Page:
Our #church #leader identity crisis

It happens gradually to church leaders. We walk the halls on the weekend as people nod at us.  They know who we are.  Heck, they even know when we don’t know them at the local store.  “He’s the worship leader,” they say.  “Good morning Pastor,” they might respond.

Our titles create a problem that gets in the way of our primal identity. Here’s how it plays out…

A title leads one to believe they have specific role to play. Many times it’s written out in a position description.  We become the ‘Worship Pastor’ or the ‘Youth Pastor’ or (heaven forbid) the ‘Senior Pastor.’  Sometimes we get fancy and care about what the titles say (Senior Pastor vs. Lead Pastor; or Children’s Ministry Director vs. Children’s Pastor).  Yes, titles are important.  They give accountability and order at an organizational level.

Titles give us our identity. That can be a good or bad thing.  Sometimes we don’t live up to our titles.  Other times we do.  And, yet, occasionally we step outside our titled role in order to play a role God is calling us to (maybe to fill in a gap, season of organizational life, etc.).

The problem with titles is that they usually skip the most foundational identity we should cling to.

Chances are good that readers of this blog hold the title of “Christian.” This means you.  If not, know the word Christian is a title foundational to us as followers of Christ.  Acts 11:26 is the first place in the Bible that uses the term — describing the disciples.  The disciples were students of a teacher, Jesus in this case.  They figuratively and literally followed Him and His teachings.  The term means “little-Christs” — similar to how a child learns as an offspring of a parent.  A child is like a “little-parent” of their parents.  Get it?  Someone is a Christian if they are a life student of Christ.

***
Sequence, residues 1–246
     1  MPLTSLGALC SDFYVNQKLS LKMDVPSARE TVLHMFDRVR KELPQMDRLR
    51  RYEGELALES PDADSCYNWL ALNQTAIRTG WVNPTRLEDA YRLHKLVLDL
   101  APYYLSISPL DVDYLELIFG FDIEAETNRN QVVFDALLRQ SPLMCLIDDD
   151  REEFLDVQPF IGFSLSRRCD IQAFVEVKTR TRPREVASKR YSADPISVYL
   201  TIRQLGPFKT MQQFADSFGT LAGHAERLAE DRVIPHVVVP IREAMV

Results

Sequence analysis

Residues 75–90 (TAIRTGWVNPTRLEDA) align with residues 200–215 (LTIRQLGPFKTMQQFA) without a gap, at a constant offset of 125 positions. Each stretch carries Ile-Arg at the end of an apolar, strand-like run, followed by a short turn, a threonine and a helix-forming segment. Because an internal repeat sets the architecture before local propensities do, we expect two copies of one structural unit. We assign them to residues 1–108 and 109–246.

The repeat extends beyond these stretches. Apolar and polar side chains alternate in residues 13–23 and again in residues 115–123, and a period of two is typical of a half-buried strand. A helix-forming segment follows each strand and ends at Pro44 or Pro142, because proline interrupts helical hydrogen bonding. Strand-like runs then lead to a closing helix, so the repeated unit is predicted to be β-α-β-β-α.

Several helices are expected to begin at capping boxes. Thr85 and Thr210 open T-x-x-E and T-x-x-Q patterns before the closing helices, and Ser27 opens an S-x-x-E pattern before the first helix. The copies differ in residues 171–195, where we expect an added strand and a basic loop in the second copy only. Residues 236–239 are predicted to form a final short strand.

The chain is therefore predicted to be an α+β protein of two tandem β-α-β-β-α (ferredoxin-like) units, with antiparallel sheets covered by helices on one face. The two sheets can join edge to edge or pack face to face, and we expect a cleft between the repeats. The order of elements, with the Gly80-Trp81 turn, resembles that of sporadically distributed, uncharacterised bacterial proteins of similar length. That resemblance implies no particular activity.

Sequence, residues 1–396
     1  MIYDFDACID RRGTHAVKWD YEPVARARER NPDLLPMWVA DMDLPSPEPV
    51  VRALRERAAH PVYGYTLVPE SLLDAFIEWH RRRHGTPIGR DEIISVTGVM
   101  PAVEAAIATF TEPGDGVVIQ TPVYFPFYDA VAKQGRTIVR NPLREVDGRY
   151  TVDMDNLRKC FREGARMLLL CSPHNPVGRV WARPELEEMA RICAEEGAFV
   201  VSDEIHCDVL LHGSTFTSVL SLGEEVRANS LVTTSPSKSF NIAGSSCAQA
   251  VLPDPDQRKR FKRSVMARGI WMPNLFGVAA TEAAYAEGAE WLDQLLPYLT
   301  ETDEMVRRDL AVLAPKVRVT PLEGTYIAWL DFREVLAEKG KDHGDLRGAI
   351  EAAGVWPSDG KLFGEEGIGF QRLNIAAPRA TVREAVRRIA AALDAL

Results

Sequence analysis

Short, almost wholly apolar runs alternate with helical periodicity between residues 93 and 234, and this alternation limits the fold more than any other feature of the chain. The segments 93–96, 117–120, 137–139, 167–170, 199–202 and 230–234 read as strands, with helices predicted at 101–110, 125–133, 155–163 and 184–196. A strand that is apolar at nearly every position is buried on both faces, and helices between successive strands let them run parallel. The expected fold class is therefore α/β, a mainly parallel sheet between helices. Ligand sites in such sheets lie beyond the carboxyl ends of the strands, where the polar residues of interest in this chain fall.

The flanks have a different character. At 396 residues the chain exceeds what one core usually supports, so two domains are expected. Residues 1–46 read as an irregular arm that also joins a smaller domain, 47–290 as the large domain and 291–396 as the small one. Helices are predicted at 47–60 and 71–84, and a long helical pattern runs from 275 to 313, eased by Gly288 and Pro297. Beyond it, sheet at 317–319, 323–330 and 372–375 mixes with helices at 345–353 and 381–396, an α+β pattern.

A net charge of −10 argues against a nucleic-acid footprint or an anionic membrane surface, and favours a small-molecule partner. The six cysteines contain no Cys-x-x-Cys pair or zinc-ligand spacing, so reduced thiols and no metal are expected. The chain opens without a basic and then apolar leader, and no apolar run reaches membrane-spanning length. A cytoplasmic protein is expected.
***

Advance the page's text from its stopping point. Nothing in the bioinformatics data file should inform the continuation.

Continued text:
The problem with this syntax is the word “Christian” holds many complex and confusing meanings today. If someone is a Christian, maybe it means they simply attend church regularly.  Maybe it means they love the USA, a pick-up, and pray before meals.  Maybe it means they are a good person with a “former-life” tattoo or two.  Maybe it means they aren’t Jewish or Muslim.  And don’t forget all the flavors…Catholic, Charismatic, Evangelical, Born-Again, Protestant…and the confusing cross-over list goes on.  The point here is that the term “Christian” has lost its original value.  Yet, what it once stood for — is at the core of who we are as student followers of Christ.

Bottom line, titles vary from person to person as church leaders…but the most important role we ought to live up to is that of “Christian” (a student follower of Christ). If one is a student, it means they will do “student-like” things (study, observe, read, memorize, practice, experiment, etc.)  If one is a follower, it means they will do “follower-like” things (loyal to the leader, wait for someone to point the direction, move when the direction is given, move in the way that benefits the leader’s mission/vision).

Personally, being a “Worship Pastor” is an easier role to play at church than being a student follower of Jesus (Christian) outside the church.  That’s for a whole other day…

How about you?

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